Dividend Growth Is Still There for Those With Emerging Market Exposure
For the last five years the global economy has been sputtering along -- buoyed by emerging market growth but tattered by the financial crisis of 2008. Instead of accelerating ahead, in 2012 things actually slowed down as consumers in developed markets seemed to retrench and cut back.
This hurt many "dividend growth" companies, that is, companies known for consistently growing dividends. It especially hurt those in consumer sectors. For example, since 2003 McDonald's hiked its dividends by double- digit percentages each year, but this year its increase decelerated to only 5%. PepsiCo is another example, with its dividend growth slowing to only 4% last year and 5.5% this year. Both are examples of slowing growth with consumers eating out less or just going for cheaper options.
But some US-based blue-chip companies are still bucking the trend. And they all seem to have a few things in common: All are maintaining business in developed markets and growing nicely in emerging ones. Yes, despite the financial crisis and global slowdown, the emerging markets' story is alive and well and it is lighting a fire under those multinational names which can harness it.
These 3 are getting ahead
One great example is Johnson& Johnson . Emerging market revenue for J&J is charging ahead. China, India, Russia and Brazil are leading, with the latter two expanding by 19% and 21%, respectively. Pharmaceutical product demand is strong in Brazil. Orthopedic devices are in demand in Brazil and India. J&J's consumer products are expanding rapidly in India and newly acquired native businesses are bolstering consumer sales in Russia.
J&J expects sales to grow by 9.9% this year, which should all flow through to the bottom line. And sure enough, J&J boosted its dividend a by a cool 8.2% this year, too; a good bit higher than either McDonald's or PepsiCo.
Doing equally well is Kimberly-Clark . Its moderate organic net sales growth of 3%-5% this year, most of which is in emerging markets, is helped by 70 basis points to 80 basis points of margin improvement. This company is maintaining its business while working on productivity. Combined, sales in China, Russia and Latin America are growing by 11%. Emerging market growth and productivity improvements are a potent combination. That's why management expects at least 7% earnings-per-share growth and this year boosted its dividend by 9.5%.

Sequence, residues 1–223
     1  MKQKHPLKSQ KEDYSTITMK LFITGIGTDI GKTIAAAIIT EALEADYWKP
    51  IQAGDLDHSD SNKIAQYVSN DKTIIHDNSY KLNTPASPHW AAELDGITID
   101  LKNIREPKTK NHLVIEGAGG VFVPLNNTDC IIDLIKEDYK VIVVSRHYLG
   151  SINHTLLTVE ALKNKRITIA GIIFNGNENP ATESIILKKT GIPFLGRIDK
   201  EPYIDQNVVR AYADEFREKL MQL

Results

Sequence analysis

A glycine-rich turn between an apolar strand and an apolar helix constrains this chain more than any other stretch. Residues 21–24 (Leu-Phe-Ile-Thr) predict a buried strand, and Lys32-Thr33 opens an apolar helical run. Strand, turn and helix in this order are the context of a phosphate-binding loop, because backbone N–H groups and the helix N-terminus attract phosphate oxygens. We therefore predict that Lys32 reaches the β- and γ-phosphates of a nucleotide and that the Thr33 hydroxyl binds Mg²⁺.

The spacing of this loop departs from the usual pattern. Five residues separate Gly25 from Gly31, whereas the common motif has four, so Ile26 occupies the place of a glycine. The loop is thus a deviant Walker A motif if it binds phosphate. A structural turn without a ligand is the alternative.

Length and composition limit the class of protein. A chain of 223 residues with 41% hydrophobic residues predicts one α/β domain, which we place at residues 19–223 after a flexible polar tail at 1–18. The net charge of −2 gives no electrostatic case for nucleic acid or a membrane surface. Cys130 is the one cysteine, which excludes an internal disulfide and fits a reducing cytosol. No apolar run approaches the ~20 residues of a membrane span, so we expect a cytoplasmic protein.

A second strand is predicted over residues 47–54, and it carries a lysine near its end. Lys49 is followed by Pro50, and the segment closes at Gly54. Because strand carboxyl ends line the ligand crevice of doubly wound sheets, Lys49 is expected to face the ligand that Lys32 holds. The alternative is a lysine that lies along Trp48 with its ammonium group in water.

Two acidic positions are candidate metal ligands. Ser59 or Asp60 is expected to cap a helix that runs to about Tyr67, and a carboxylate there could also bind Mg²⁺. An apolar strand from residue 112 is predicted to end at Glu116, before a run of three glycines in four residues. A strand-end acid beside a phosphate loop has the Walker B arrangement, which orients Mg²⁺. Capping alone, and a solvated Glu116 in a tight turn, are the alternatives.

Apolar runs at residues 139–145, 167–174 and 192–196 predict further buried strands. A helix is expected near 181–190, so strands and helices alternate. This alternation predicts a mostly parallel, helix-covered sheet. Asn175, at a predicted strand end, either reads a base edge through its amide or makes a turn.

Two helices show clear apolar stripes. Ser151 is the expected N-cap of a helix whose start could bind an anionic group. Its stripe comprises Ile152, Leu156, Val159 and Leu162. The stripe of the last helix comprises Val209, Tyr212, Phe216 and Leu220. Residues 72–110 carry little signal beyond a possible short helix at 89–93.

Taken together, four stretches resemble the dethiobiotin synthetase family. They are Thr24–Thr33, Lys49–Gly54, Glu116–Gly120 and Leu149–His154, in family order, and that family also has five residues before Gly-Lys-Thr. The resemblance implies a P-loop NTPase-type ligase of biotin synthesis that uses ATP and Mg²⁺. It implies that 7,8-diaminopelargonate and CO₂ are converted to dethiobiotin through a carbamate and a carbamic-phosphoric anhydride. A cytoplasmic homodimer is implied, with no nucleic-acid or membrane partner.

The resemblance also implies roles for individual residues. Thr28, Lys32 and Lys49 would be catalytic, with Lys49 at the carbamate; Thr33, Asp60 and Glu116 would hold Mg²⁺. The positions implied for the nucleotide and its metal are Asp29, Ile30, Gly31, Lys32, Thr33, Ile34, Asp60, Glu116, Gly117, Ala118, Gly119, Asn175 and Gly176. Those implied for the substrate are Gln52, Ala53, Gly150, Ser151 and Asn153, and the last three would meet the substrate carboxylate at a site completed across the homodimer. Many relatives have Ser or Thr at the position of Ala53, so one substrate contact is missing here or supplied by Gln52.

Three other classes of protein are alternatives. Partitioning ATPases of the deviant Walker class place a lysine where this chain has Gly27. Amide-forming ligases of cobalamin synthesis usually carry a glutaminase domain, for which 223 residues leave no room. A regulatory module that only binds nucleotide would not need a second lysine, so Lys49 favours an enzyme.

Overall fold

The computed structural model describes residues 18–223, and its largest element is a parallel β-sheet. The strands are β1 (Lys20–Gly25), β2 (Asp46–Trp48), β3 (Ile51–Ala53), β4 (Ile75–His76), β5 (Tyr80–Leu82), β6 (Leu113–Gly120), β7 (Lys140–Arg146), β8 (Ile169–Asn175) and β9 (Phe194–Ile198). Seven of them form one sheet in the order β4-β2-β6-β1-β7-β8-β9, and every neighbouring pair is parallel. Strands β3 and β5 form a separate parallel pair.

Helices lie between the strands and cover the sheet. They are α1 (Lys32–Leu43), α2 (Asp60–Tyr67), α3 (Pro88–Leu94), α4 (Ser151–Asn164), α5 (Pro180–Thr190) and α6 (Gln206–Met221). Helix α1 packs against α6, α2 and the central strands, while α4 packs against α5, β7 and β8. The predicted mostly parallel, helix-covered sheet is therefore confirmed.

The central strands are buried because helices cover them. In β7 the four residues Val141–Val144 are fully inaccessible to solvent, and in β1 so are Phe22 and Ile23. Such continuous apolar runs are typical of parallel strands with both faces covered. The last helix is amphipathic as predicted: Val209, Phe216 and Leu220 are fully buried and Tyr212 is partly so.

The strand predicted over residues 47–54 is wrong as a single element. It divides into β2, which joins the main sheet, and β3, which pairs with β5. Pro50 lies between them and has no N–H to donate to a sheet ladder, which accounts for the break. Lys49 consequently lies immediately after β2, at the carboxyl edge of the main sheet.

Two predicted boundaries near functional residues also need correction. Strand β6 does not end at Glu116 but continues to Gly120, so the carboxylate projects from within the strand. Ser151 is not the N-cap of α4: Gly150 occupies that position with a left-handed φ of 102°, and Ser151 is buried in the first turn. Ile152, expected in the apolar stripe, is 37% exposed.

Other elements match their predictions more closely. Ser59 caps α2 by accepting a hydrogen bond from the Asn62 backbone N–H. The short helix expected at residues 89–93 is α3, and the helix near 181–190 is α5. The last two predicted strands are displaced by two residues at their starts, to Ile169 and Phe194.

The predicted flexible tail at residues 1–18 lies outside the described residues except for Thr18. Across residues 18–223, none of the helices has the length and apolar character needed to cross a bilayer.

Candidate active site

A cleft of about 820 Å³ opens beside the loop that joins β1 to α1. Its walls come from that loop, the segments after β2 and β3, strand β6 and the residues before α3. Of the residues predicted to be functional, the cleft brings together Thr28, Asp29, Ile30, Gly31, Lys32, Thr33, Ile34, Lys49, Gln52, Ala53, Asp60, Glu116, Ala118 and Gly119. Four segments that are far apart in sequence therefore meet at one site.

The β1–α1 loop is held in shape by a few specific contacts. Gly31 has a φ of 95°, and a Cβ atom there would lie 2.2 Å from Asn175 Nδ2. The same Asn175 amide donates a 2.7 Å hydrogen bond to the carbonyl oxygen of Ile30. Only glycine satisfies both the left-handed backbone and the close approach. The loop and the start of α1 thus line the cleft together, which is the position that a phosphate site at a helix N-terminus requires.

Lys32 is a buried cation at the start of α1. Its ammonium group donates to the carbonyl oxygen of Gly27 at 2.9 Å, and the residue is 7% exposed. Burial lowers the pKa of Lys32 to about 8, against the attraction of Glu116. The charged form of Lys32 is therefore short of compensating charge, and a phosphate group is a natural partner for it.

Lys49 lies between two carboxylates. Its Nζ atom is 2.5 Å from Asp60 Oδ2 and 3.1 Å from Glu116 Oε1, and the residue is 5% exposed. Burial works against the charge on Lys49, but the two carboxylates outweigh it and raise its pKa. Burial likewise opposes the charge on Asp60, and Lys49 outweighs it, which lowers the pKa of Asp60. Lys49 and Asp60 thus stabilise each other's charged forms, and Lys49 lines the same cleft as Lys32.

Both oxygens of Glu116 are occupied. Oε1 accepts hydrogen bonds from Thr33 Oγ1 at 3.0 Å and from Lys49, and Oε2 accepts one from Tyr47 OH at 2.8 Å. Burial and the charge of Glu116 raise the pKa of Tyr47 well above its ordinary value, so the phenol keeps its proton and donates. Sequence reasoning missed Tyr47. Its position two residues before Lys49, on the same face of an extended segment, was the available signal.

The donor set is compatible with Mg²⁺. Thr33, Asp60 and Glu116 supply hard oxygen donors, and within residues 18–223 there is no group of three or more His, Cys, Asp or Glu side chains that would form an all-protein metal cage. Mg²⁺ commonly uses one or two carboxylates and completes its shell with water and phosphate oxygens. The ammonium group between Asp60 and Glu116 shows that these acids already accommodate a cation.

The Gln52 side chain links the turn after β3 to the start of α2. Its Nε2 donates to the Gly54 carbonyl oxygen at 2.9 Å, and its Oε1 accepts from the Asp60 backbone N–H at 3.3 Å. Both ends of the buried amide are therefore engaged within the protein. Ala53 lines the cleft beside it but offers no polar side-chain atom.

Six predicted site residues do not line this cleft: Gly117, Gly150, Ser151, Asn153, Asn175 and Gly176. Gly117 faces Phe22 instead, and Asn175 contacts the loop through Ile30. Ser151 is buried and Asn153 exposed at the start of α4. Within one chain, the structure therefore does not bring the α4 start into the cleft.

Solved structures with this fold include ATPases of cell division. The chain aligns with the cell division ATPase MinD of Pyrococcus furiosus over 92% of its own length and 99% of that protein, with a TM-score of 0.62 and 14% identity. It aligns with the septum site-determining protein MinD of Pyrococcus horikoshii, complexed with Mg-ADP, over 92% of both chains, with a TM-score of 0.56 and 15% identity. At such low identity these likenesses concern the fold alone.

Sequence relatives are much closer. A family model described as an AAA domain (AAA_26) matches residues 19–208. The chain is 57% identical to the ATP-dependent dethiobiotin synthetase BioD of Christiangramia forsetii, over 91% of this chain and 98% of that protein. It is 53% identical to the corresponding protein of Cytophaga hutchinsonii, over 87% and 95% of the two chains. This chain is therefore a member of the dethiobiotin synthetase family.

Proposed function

Rayonier is a shining example of out-sized dividend growth and a business model geared toward better performing markets, specifically Asia Pacific. Rayonier is a real estate investment trust which manages timberland. But it doesn't sell commoditized timber or fluff pulp.
Actually, the trust concentrates on high-performance fibers needed in everyday packaged goods, cigarette filters, tires, and consumer appliances. As more people in the developing world come "onto the grid," need for these goods will only increase. So Rayonier is not a commodity timber play but actually a bet on the global economy.
In a bid to focus itself toward Asia Pacific, this US-based company has been acquiring timberland in New Zealand. It now has more than 300,000 acres there.
As high-performance fiber demand increases in Asia, Rayonier has raised its dividend by 10% in 2012 and a fantastic 11% in 2013. Riding the tailwinds of emerging market growth, management believes it can grow its funds from operations by the high single digits for the foreseeable future. And with a dividend coverage ratio of only 67% this year, management should be able to continue these double-digit increases for awhile.
Continued emerging market growth amid a developed market pullback has created a sort of bifurcated market among the big multinational dividend names. Those names which have found success in emerging markets while maintaining sales and building on margins in the developed world are also the ones which are continuing to raise dividends nicely despite the slowdown. These are the companies which long-term income investors should seek out and buy whenever prices become reasonable.
Rest assured with dividend stocks
Dividend stocks can make you rich. It's as simple as that. While they don't garner the notoriety of high-flying growth stocks, they're also less likely to crash and burn. And over the long term, the compounding effect of the quarterly payouts, as well as their growth, adds up faster than most investors imagine. With this in mind, our analysts sat down to identify the absolute best of the best when it comes to rock-solid dividend stocks, drawing up a list in this free report of nine that fit the bill. To discover the identities of these companies before the rest of the market catches on, you can download this valuable free report by simply clicking here now.
The article Dividend Growth Is Still There for Those With Emerging Market Exposure originally appeared on Fool.com.
Casey Hoerth has no position in any stocks mentioned. The Motley Fool recommends Johnson & Johnson, Kimberly-Clark, McDonald's, and PepsiCo. The Motley Fool owns shares of Johnson & Johnson, McDonald's, and PepsiCo. Try any of our Foolish newsletter services free for 30 days. We Fools may not all hold the same opinions, but we all believe that considering a diverse range of insights makes us better investors. The Motley Fool has a disclosure policy.
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